Payer Steerage: Protect Patient Volume and Margins
Payer steerage has become a growing concern for many imaging programs. Insurance providers have found it to be an effective strategy for reining in healthcare costs, and outpatient imaging services are a prime target. Imaging programs need to develop a strategy to protect their volumes and margins, as payer steerage continues to increase.
There are two types of imaging steerage that we see in the market today.
Soft steerage, where the payer attempts to influence and encourage patients towards choosing a lower-priced site.
Hard steerage, where the payer denies payment for hospital-based imaging.
Steerage can happen multiple times along the patient referral pathway. Whether it is a denied insurance claim or a patient calling for pricing and never scheduling, imaging programs must determine at what point in the process they are experiencing steerage before they can design an effective response to retain their patient population.
Once the level of steerage has been identified, it’s time to implement a response. Although imaging departments can’t control payer steerage, there are ways they can protect their bottom line. Advisory Board provides 3 strategies to help retain market share in an age of steerage.
Push Back Against Steering Payers
This is a great strategy for organizations that have the majority of the market share with limited competition for payers to steer towards and/or significant brand awareness. Payers can’t afford to have them drop out of the network, so they can avoid steerage while maintaining current rates.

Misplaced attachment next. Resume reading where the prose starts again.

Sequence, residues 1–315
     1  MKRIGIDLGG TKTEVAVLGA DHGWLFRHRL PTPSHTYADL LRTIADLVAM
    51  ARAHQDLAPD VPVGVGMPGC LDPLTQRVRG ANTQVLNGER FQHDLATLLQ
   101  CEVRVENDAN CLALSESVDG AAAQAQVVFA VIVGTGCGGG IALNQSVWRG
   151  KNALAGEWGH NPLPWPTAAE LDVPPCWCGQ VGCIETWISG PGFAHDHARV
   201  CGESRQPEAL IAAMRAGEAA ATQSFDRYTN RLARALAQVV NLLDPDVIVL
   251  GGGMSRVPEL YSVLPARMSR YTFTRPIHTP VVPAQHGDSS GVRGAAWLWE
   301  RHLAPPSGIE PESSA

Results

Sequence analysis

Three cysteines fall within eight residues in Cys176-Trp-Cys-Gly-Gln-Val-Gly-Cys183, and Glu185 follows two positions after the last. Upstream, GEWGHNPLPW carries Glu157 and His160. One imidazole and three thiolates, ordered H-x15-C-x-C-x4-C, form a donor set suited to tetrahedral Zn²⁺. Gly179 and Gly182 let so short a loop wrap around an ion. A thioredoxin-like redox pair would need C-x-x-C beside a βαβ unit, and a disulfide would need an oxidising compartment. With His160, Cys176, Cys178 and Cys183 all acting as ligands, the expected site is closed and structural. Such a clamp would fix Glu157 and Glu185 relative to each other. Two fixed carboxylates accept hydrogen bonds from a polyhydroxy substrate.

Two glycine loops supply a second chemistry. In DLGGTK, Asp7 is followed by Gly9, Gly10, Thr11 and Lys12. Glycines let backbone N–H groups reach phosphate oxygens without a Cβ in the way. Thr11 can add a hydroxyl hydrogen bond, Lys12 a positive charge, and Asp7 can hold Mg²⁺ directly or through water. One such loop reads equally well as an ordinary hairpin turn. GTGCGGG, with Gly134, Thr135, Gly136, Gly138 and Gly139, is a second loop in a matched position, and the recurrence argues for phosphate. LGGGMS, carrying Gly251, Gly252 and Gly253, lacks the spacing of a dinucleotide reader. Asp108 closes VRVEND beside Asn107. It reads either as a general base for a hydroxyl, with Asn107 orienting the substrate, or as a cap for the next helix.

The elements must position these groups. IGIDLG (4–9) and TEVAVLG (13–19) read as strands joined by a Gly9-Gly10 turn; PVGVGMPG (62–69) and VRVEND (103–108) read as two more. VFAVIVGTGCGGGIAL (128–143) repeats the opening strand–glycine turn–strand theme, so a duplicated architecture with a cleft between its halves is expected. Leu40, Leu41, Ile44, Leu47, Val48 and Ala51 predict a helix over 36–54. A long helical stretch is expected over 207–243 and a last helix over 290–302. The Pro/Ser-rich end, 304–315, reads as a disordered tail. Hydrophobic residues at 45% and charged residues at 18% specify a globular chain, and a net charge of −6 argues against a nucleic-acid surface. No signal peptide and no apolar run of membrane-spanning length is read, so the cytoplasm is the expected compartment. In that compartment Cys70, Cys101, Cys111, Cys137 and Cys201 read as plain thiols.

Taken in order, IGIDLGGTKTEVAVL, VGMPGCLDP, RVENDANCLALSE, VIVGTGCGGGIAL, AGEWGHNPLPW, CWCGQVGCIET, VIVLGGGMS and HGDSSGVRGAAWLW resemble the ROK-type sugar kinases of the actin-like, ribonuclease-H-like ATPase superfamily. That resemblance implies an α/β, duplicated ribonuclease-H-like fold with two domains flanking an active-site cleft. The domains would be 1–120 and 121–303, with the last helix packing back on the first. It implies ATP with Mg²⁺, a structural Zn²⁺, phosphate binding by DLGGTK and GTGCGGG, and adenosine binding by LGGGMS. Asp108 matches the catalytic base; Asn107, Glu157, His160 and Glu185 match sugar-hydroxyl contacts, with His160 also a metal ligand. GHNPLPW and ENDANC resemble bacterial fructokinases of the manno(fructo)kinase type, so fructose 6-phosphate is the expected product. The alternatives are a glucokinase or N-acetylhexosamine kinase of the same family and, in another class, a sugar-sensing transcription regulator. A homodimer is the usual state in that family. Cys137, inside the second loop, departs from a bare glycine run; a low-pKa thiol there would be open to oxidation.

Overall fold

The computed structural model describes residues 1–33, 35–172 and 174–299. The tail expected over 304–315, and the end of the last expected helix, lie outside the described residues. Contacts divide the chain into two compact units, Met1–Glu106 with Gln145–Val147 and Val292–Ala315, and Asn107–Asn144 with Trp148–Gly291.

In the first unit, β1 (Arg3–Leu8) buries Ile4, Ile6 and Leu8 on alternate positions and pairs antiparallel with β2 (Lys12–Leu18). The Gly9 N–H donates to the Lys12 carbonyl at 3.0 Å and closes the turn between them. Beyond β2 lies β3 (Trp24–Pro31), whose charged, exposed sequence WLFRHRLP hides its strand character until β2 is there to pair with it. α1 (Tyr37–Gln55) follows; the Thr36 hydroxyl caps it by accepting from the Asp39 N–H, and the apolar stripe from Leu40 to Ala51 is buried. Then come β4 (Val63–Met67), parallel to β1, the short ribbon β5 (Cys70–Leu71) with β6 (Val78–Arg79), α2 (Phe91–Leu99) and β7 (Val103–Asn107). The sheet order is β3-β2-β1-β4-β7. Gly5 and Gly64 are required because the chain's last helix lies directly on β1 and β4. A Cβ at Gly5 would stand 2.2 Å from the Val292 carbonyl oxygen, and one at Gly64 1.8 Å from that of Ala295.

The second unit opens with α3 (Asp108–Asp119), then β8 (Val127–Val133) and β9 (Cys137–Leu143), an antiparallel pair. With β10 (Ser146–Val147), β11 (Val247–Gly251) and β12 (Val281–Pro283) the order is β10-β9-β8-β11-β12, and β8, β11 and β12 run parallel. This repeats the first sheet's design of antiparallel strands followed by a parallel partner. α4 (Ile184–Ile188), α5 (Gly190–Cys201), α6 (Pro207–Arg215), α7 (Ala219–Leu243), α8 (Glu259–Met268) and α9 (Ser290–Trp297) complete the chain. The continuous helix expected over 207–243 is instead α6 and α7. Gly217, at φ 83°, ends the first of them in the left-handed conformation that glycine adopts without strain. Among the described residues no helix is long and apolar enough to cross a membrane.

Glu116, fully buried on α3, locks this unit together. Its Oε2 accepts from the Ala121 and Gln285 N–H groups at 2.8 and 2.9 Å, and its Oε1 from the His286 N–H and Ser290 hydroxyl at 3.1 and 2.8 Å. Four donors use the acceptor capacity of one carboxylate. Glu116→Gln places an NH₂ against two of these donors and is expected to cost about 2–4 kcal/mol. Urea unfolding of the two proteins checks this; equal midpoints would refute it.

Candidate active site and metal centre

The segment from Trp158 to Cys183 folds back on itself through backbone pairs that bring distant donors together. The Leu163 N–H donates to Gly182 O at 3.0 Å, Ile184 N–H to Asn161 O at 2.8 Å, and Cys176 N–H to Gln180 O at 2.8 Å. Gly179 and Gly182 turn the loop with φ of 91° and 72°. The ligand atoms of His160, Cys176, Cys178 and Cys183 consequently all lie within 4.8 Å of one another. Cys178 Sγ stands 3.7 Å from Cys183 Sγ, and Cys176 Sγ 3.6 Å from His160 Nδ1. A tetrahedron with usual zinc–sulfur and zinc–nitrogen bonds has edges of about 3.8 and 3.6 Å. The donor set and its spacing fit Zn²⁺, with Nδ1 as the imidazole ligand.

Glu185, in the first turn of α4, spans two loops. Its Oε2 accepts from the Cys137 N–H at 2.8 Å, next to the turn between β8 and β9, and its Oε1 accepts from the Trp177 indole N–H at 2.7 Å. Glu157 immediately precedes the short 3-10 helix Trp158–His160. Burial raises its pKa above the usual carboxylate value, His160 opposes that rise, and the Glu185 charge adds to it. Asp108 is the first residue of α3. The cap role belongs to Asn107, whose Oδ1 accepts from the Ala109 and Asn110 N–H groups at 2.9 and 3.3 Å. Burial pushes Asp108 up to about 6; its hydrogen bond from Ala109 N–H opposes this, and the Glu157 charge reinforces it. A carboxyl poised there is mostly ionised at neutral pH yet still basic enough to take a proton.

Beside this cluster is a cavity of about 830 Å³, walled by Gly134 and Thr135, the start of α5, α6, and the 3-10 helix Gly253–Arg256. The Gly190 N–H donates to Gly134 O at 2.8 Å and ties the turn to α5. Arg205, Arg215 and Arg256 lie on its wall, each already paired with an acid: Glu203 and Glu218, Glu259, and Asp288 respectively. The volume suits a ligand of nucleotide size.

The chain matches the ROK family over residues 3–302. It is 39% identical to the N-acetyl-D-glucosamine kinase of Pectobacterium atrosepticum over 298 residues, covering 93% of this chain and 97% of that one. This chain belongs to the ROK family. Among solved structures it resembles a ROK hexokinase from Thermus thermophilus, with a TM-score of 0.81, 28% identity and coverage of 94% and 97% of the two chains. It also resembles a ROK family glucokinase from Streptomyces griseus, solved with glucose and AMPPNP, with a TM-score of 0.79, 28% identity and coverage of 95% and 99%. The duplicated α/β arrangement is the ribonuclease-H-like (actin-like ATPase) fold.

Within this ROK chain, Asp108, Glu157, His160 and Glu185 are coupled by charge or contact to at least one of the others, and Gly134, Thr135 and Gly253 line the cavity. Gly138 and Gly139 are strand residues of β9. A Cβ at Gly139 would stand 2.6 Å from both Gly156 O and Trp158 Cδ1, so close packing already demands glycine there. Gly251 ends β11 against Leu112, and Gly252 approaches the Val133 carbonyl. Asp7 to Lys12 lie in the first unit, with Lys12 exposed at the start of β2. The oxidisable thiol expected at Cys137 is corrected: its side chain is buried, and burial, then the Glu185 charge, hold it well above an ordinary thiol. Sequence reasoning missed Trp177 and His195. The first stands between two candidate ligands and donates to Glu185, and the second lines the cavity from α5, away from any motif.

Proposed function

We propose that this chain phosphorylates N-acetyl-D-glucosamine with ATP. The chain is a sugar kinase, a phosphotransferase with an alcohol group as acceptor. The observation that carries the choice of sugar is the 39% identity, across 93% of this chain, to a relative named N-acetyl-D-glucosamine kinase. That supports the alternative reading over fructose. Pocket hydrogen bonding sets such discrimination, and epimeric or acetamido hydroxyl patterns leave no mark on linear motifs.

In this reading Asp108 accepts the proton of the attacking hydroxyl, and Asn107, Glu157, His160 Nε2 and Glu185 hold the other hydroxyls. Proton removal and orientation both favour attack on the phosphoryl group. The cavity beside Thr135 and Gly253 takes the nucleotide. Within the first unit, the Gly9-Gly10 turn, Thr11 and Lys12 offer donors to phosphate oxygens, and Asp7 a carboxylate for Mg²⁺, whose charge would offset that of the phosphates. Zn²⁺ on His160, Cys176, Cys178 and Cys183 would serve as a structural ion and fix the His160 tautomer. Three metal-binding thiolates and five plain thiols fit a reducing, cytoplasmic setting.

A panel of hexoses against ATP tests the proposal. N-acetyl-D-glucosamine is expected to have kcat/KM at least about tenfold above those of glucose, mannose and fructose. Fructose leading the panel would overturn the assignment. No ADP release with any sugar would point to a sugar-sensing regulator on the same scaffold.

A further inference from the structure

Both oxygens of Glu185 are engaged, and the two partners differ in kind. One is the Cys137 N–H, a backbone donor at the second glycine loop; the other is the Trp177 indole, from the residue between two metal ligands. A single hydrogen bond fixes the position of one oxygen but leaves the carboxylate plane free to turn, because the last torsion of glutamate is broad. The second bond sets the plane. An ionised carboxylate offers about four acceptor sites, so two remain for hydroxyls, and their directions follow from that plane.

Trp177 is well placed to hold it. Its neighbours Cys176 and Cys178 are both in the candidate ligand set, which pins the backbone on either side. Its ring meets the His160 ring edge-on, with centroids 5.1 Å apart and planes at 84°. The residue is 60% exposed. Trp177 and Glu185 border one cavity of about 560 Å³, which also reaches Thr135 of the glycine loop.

Lower Rates for Selected Services and Payers
There are two methods to lower rates. A network-wide price cut where imaging programs negotiate with payers for a lower rate on specific services in exchange for no steerage or steering to a lower priced site which entails redirecting volumes that are subject to steerage to a lower-priced site. The goal in both scenarios is to minimize lost revenue from steerage while preserving current revenue for services that are not jeopardized.
Move Outpatient Imaging to Freestanding Rate
Some health systems are looking to take a more aggressive approach. Rather than focusing on minimizing the impact of steerage, they are embracing steerage as an opportunity to grow their footprint and capture new volumes.
Hospital A sends their price sensitive services to their freestanding site while trying to keep all other services at the HOPD. They are performing most of their services at the higher HOPD rate, however they have less market share due to the higher pricing. As steerage increases, chances are they will fall further behind.
Hospital B, on the other hand, has invested heavily in freestanding outpatient imaging centers. They have pushed most of their volumes to those centers, enabling them to capture significant market share.
This strategy obviously involves some risk. Under what circumstances would that risk be justified? A market that is highly susceptible to steerage, experiencing high population growth, increased risk of losing to freestanding competitors and provides an opportunity to take market share from hospital competitors may be suitable for an aggressive freestanding imaging strategy.
Payer steerage is here to stay. It is important to track steerage to establish a clear picture of where and when steerage is occurring and then act early to implement a strategy that best fits the organization and market. Whether lowering rates is the answer or investing in new freestanding site solves the problem, it’s critical to communicate effectively with physicians and patients to ensure they have the latest information to start increasing patient volumes and winning back lost revenue.